The next day saw no changes for the Buffs as reserves were moved up on both sides of a new front of 35 miles length. The weather was dull making aeroplane work and artillery observation difficult. But behind the scenes, the German forces were reorganised to be ready for an attack on British forces along the entire new front. On the morning of the 20th October, the British 3rd Corps found itself opposite nearly the whole of both the 19th and 13th German Corps. An unequal balance of forces.
20th October saw a clash and sustained fighting all along the line. In the 6th Division, holding the line Radinghem-Ennetieres-Premesques-Epinette, all three infantry brigades were attached. Between 7 and 8 am the British trenches were heavily shelled by guns and howitzers followed by German infantry advances, in lines of men at several paces' interval, covered by machine-gun fire, the firing opening at eight hundred to one thousand yards.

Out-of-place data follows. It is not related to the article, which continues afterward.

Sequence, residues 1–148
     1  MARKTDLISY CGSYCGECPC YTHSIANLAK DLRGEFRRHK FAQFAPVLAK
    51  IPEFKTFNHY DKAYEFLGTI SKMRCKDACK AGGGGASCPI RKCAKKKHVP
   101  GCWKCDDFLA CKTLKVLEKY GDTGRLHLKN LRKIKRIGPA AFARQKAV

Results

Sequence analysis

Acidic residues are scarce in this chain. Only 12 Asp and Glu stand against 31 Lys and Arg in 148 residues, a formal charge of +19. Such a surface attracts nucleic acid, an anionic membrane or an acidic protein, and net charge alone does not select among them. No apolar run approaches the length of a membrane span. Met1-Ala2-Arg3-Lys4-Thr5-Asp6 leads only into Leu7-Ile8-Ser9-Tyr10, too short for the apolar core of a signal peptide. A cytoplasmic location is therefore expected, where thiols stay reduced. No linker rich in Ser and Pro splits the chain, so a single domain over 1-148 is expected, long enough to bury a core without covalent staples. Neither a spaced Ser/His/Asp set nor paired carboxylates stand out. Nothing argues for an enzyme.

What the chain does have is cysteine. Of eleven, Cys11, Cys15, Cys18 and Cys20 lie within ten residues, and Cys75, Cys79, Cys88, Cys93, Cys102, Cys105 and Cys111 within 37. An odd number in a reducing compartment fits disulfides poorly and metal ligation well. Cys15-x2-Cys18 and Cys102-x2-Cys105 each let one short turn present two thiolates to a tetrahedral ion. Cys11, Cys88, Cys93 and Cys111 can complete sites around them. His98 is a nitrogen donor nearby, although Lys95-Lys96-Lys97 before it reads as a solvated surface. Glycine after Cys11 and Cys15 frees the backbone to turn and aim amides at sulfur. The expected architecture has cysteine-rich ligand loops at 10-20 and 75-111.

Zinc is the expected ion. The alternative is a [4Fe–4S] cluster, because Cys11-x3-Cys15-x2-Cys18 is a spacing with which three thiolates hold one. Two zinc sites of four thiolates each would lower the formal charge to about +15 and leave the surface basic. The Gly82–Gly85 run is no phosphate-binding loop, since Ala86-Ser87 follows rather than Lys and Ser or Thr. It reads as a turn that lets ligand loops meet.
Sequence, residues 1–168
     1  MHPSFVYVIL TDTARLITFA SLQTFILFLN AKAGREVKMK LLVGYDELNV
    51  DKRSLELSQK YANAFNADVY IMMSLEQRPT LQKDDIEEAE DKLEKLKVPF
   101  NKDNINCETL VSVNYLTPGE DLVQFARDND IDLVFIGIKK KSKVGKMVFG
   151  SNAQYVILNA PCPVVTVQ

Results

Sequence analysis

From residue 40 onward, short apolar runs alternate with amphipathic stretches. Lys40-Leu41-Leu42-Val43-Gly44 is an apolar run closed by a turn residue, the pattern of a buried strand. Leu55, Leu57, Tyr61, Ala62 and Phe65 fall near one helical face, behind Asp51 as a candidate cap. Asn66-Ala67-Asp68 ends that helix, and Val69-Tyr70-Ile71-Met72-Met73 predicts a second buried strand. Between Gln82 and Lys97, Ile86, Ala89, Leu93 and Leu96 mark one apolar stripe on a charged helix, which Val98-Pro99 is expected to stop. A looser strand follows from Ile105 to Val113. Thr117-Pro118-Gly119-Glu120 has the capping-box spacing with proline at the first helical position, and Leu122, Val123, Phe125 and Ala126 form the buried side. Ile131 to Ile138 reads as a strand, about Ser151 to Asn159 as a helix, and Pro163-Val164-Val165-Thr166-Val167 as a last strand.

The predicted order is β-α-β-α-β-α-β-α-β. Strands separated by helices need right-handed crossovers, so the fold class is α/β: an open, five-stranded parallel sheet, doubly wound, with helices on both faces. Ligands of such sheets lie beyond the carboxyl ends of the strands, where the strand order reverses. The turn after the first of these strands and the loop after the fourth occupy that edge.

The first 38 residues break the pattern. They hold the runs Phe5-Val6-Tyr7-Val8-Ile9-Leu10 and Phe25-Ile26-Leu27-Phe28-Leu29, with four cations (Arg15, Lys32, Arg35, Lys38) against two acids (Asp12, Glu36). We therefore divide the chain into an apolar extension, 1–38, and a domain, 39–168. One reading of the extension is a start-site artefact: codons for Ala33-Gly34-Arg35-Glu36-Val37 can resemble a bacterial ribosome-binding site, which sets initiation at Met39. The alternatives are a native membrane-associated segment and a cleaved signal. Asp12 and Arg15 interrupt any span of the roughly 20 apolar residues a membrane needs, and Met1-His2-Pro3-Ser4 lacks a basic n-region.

By the time Walter Smith and his comrades arrived on 9th November, the casualties were few and far between. Walter's death through a ricochet off a range-finder held by another soldier was a tragically futile end to this experienced soldier.
|December 1914 is poorly recorded in the Battalion War Diary. The 16th Infantry Brigade HQ War Diary is more revealing:|
1st: RUE DE LETTREE: Situation unchanged
Casualties during December 1914.
Summary for the month of December 1914